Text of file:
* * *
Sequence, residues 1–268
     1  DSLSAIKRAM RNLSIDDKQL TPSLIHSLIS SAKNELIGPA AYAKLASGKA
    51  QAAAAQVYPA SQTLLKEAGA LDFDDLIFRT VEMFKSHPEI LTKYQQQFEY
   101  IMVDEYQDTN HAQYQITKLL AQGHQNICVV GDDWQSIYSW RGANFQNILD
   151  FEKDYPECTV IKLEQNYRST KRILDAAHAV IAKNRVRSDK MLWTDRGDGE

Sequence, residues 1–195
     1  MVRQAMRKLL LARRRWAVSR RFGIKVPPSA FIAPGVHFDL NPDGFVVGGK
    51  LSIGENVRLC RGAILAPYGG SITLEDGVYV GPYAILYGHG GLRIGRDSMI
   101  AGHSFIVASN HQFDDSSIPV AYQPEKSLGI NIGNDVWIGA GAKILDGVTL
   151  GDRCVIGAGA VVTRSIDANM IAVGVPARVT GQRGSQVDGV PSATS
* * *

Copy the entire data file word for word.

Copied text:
Sequence, residues 1–268
     1  DSLSAIKRAM RNLSIDDKQL TPSLIHSLIS SAKNELIGPA AYAKLASGKA
    51  QAAAAQVYPA SQTLLKEAGA LDFDDLIFRT VEMFKSHPEI LTKYQQQFEY
   101  IMVDEYQDTN HAQYQITKLL AQGHQNICVV GDDWQSIYSW RGANFQNILD
   151  FEKDYPECTV IKLEQNYRST KRILDAAHAV IAKNRVRSDK MLWTDRGDGE

Sequence, residues 1–195
     1  MVRQAMRKLL LARRRWAVSR RFGIKVPPSA FIAPGVHFDL NPDGFVVGGK
    51  LSIGENVRLC RGAILAPYGG SITLEDGVYV GPYAILYGHG GLRIGRDSMI
   101  AGHSFIVASN HQFDDSSIPV AYQPEKSLGI NIGNDVWIGA GAKILDGVTL
   151  GDRCVIGAGA VVTRSIDANM IAVGVPARVT GQRGSQVDGV PSATS